When he launched Wimi Media in June last year, he and his partners "felt the funding squeeze", says Fu Jun.
Their Shanghai company, which deals with online video advertising, had a modest 2 million yuan (Dh1.16m) in start-up cash, despite the industry being, according to Mr Fu, capital-intensive.
"The five of us were previously in the [media] industry and we had some clients. Otherwise we wouldn't have been able to get by," he says. "We were determined to stay in the industry and see it through because we believe the market is big, but we really needed the capital to back it up."
They knew from the start they would be turned down by China's state-run banks.
"It's just pointless to try to get funding from domestic banks," says Mr Fu, who in his 40s and is the deputy general manager at Wimi Media, an online advertising company. Wimi acts as an intermediary between firms that advertise their products or services online, and Web video companies such as Youku, the Chinese equivalent of YouTube.
"The state companies, they don't attach enough importance to the small and medium-sized companies and they're letting the situation deteriorate and letting these companies starve," he says.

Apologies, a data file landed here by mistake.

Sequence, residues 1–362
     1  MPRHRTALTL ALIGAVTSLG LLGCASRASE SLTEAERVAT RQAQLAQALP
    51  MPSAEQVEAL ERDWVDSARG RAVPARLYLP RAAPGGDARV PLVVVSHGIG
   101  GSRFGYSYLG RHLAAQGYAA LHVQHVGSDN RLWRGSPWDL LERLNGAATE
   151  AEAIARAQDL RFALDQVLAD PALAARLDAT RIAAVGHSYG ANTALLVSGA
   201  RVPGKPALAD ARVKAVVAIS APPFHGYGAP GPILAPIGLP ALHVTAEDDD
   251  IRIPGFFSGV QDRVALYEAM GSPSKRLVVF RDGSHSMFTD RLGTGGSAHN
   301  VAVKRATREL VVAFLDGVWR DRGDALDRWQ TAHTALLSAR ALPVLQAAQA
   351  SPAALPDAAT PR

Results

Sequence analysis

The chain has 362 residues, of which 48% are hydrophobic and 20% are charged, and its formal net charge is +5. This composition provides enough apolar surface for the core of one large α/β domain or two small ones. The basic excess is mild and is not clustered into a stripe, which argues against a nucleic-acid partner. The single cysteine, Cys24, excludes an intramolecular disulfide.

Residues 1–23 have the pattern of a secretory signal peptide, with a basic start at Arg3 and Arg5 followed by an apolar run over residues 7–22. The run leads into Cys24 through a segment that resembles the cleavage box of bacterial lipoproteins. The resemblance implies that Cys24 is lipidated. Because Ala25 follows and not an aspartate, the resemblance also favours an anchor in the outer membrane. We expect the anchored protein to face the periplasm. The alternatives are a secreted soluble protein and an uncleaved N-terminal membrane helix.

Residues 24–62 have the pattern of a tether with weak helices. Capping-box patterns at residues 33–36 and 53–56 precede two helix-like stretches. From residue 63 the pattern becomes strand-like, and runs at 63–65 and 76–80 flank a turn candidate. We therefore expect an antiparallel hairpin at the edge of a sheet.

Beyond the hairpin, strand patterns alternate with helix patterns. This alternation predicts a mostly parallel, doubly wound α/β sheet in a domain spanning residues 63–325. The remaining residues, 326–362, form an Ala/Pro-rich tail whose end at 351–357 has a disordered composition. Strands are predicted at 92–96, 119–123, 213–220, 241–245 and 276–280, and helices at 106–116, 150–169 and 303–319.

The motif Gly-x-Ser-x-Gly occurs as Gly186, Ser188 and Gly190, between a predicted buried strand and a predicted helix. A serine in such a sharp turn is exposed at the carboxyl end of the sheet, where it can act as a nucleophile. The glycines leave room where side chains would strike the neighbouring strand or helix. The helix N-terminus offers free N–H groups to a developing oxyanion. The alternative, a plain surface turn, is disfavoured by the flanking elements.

Many other budding entrepreneurs in the small and medium-sized business sector in China feel the same.
Chris Ruffle, the chief executive of Open Door Capital Group, which is based in Shanghai and invests in smaller companies in China, has seen the problems at first hand.
"It's been a chronic problem, especially recently for smaller companies for the bank finance. They have been thrown back into the hands of loan sharks," says Mr Ruffle.
When it comes to problems caused by "loan sharks", nowhere in China has suffered more than Wenzhou, a south-eastern city famous as a centre for freewheeling capitalism.
Last year, a string of business owners fled and factories were closed down when companies could not cope with the exorbitant interest rates, sometimes 90 per cent a year, charged by underground lenders. Some company owners even committed suicide.
The city's entrepreneurs had been forced into the clutches of illegal lenders because state-run banks were reluctant to offer funds after credit tightening instructions from the central bank.
It was an acute illustration of a widespread issue, namely the preference state-run banks have for lending to state-owned enterprises instead of private-sector companies, which are perceived as being riskier.
With the state setting deposit and interest rates, the banks make vast profits, much to the frustration of small companies starved of cash, and householders receiving miserly interest rates on their savings.
Entering his final year in office, the Chinese premier, Wen Jiabao, has been talking tough, indicating the practical monopoly operated by China's big four state-run banks -Industrial and Commercial Bank of China (ICBC), Bank of China, Agricultural Bank of China and China Construction Bank - must be broken.
ICBC, the world's largest bank by market capitalisation, generated a profit of US$33.1 billion (Dh121.58bn) last year.